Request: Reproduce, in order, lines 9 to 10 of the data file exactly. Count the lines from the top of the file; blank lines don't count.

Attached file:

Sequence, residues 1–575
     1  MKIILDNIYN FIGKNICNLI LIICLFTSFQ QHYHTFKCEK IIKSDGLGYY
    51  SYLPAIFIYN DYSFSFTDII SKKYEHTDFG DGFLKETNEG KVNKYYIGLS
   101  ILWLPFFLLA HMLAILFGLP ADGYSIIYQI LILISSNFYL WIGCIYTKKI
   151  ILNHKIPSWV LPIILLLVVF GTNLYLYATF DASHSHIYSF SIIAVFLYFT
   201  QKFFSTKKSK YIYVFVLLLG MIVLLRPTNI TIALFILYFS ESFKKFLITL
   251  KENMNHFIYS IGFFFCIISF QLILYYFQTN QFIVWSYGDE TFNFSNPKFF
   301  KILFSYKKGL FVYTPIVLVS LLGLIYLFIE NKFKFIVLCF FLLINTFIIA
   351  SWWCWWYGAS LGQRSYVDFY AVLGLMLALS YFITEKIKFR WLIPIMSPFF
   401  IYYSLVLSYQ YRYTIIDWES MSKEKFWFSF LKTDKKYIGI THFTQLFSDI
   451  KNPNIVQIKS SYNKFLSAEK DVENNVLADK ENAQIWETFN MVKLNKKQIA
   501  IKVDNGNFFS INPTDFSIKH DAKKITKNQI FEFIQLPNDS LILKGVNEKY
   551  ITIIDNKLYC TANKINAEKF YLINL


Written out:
   351  SWWCWWYGAS LGQRSYVDFY AVLGLMLALS YFITEKIKFR WLIPIMSPFF
   401  IYYSLVLSYQ YRYTIIDWES MSKEKFWFSF LKTDKKYIGI THFTQLFSDI